Of course, advisers are concerned that rather than providing ‘the best of both worlds’ there is the risk that unit-linked guarantees end up delivering the worst of both. If markets fall, the higher cost of the guarantee may drag down performance when compared to a typical drawdown plan. In such markets the ‘secured’ income level is unlikely to grow significantly, which could mean clients have less income than they would have got from a traditional annuity.

Boulding added: “There is a risk this could be another payment protection insurance scandal – with people not understanding how these products work then coming back a few years later for compensation when they realise they’d have been better off with an annuity.”

Ward said: “This highlights why the industry needs to communicate better with customers and invest more into consumer education – particularly around retirement issues.”

But the panellists agreed this was an uphill struggle. Hall said this process should start “well in advance of retirement.” And Cunningham added: “The average man in the street doesn’t understand how annuities work, let alone how counterparty risk operates on a unit-linked guarantee.”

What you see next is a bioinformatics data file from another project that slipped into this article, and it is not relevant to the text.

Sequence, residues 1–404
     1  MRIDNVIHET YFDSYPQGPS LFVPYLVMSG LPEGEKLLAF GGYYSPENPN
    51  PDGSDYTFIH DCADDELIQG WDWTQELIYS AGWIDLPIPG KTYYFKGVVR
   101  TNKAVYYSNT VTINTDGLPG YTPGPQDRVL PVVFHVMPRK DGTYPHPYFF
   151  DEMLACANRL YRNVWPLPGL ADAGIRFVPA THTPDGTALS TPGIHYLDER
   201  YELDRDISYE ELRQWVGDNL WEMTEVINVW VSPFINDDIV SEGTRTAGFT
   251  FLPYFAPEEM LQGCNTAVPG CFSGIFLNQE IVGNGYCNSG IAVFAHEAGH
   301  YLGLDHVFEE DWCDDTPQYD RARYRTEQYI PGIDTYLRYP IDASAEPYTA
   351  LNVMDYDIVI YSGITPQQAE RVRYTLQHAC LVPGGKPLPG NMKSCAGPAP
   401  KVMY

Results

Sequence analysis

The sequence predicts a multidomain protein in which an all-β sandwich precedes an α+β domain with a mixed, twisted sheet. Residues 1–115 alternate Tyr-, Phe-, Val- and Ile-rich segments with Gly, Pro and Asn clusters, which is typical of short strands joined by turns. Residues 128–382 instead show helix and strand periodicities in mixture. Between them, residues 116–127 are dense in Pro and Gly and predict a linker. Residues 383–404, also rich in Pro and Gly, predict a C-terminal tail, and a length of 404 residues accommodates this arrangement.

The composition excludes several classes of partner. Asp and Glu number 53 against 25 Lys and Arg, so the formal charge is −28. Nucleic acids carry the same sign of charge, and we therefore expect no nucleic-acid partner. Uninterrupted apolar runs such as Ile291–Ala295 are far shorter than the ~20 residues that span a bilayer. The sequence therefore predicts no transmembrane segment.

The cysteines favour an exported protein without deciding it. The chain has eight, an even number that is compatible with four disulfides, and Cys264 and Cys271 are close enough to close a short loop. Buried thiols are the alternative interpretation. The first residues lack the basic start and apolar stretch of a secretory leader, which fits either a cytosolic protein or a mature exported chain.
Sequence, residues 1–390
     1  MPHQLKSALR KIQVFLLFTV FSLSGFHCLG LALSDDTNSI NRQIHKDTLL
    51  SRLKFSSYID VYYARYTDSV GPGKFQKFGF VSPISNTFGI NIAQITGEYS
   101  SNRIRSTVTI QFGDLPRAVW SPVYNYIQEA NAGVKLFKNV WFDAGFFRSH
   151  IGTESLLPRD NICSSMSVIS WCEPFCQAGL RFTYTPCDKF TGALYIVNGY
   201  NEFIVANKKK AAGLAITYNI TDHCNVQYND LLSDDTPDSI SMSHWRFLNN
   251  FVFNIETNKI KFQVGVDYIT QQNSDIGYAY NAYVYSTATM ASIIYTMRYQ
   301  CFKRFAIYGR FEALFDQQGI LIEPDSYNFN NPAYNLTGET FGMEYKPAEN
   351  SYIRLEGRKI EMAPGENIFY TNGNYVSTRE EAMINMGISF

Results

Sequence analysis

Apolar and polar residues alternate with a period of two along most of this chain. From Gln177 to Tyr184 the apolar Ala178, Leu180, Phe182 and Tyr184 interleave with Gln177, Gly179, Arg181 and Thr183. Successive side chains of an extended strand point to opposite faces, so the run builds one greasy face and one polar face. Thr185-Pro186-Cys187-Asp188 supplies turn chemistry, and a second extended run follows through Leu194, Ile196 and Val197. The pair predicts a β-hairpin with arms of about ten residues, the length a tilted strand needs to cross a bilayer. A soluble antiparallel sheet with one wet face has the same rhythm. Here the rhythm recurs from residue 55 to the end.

Burrows added: “This is why advice should be an integral part of the sale of unit-linked guarantees. People say they don’t understand money, or inflation risks or longevity, but they are not stupid. It’s a question of framing the right questions and understanding their objectives.

“These products aren’t right for everyone, but they can play a role in squaring the circle when it comes to people’s need to have a secure income, as well as some exposure to equities to ensure their pension isn’t eaten away by inflation.”



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There are 2 comments at the moment, we would love to hear your opinion too.

  1. Ed
    What is going on? This is practically a repeat of yesterday’s article on which Sascha so eruditely commented. This is by no means the first time you repackage and repeat news items. If you are looking for ‘hits’ then just bring back the e-mail alerts when comments are made.

  2. This was yesterday’s article – by the same journalist:

    Unit-linked guarantees: A costly price to pay or value for money?

    By Emma Simon 26th November 2015 3:47 pm